In many industries, it’s common for a firm’s headquarters to create a price list but grant local salespeople the ability to negotiate prices for individual transactions. For instance, when a consumer buys a car, the salesperson typically has room to negotiate the price, within limits set by the dealer. In theory, negotiations enable salespeople to use information about a buyer’s willingness-to-pay that was not available to headquarters when it set the list prices.
“A firm initially makes high-level decisions about what prices it’s going to charge based on its target consumer or the product itself,” says Professor Garrett van Ryzin, explaining what is known as uniform pricing. “But then it allows wiggle room for local salespeople to deviate from that price, with the idea that they can assess the individual customer, how willing the customer is to buy the product, what other alternatives the customer has, or uncover new information to exploit.”
“This type of pricing is very common in business-to-business settings but it is also found in a few consumer markets such as auto purchases, lending, and mortgages,” explains Professor Robert Phillips.
Despite how common this practice is, however, there’s long been debate about how much price discretion actually benefits firms. Is it worth putting such power in the hands of salespeople? “It’s expensive to train people to negotiate face-to-face,” van Ryzin says. “Many argue that salespeople don't do a good job of it, either because they’re not able to accurately assess somebody's willingness to pay or they don’t negotiate effectively; or they have other incentives to sell — they just want to close the deal to meet sales goals, rather than try to get the best price.”
Complicating the debate is the improved ability to use data to set prices more intelligently than ever before. A firm’s centralized headquarters typically has access to far more data than any individual salesperson, so it is better poised to use business analytics and data to determine the best prices to offer. “There is often tension within organizations between finance departments, which believe that pricing should be centralized, and sales departments, which believe that salespeople need more pricing discretion,” Phillips says.
To find which approach most benefits firms, Phillips, van Ryzin, and Serdar Simsek PhD ‘13 of Cornell University, investigated pricing data from a major auto lending company with local pricing discretion at its numerous individual dealerships. They applied a control function approach to determine the extent to which individual sales people were setting prices that were either better or worse than the prices recommended by headquarters. They found that local salespeople negotiated prices in a way that increased nationwide profits by approximately 10 percent on average; in other words, allowing salespeople price discretion did result in more profit for the firm than using the prices that were initially set by headquarters.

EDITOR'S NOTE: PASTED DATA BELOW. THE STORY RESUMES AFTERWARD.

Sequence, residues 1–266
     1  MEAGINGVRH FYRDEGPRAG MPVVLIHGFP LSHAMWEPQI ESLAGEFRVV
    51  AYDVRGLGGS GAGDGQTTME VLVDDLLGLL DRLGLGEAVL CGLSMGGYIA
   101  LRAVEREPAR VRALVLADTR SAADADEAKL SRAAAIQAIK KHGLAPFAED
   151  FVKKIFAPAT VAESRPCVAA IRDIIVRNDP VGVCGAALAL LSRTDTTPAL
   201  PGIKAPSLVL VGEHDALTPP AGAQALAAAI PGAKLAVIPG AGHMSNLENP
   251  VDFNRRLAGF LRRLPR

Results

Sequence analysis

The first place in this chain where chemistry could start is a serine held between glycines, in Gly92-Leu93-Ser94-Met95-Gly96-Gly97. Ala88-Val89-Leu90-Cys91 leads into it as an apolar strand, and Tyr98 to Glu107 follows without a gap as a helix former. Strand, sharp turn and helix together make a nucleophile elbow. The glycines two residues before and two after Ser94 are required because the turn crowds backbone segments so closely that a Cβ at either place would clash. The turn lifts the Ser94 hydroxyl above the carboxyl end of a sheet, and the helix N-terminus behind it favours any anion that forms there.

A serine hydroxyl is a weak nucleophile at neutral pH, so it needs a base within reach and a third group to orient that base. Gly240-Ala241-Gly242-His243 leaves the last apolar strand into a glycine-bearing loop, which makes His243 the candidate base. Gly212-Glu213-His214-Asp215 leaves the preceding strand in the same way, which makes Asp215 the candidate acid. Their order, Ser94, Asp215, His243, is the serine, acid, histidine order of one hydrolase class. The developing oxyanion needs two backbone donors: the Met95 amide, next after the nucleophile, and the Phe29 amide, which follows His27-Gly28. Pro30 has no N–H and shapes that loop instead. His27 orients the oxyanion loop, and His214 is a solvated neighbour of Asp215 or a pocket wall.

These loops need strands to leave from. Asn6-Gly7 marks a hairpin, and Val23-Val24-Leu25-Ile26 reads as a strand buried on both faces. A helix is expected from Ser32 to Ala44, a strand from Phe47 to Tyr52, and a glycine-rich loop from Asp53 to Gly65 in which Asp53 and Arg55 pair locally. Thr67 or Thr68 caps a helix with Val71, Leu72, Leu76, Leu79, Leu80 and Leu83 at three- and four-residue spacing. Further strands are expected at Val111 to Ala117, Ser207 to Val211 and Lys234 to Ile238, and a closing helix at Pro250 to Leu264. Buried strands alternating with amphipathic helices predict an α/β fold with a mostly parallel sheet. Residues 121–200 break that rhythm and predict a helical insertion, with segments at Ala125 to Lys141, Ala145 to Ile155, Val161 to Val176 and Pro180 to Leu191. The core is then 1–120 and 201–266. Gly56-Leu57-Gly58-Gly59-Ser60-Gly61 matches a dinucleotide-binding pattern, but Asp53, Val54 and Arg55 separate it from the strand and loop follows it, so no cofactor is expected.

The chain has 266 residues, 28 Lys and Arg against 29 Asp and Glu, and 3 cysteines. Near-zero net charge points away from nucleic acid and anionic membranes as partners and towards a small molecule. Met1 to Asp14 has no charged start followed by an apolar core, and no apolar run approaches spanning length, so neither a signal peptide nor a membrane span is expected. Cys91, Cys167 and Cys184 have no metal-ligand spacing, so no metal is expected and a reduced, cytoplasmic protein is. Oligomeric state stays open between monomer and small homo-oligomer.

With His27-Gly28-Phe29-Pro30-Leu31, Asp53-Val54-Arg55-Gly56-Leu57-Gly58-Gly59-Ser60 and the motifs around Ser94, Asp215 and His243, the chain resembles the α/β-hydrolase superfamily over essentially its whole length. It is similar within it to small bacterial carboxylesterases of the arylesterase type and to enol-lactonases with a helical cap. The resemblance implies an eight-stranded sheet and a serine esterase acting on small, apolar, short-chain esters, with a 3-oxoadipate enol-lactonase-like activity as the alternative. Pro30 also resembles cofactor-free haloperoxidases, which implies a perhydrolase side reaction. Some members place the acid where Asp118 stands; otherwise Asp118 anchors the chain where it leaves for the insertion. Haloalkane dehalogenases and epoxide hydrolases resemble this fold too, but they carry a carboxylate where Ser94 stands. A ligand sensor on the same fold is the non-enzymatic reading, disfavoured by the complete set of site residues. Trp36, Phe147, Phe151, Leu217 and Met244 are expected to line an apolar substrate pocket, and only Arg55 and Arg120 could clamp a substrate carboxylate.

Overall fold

However, further analysis looked at what the company could have achieved if they had used the same information that they had initially used to set the list prices to recommend much more granular prices that were optimized for each market. This latter approach to customizing prices could potentially deliver even more benefit to the firm — an increase in profits of up to 27 percent over actual profits realized using localized price discretion. This suggests that centralized pricing — if appropriately optimized using today’s improved tools — can be more effective than price discretion in the field. The verdict: the benefits of a skilled sales force in earning maximum profits for firms may be diminishing in an increasingly data-driven world. This may explain why many industries, including hotels and retail, have moved away from local price discretion to centralized pricing.
“This casts light on an important issue facing many companies — how much pricing discretion to give to salespeople. When you don’t have very intelligently set prices to begin with, local salespeople’s negotiating abilities can add a lot of value,” says Phillips. “But the added value of negotiation is much more limited if you do a really clever, informed job of setting prices using data.”
Robert Phillips is Professor of Professional Practice in the Decision, Risk, and Operations Division and director of the Center for Pricing and Revenue Management at Columbia Business School.
Garrett van Ryzin is the Paul M. Montrone Professor of Private Enterprise, chair of the Decision, Risk, and Operations Division, and faculty director of the Master Class Program at Columbia Business School.
Read the Research
Phillips, Robert, Serdar Simsek, and Garrett van Ryzin. “Does Field Price Discretion Improve Profits? Evidence from Auto Lending.” Working paper, Columbia Business School, 2014.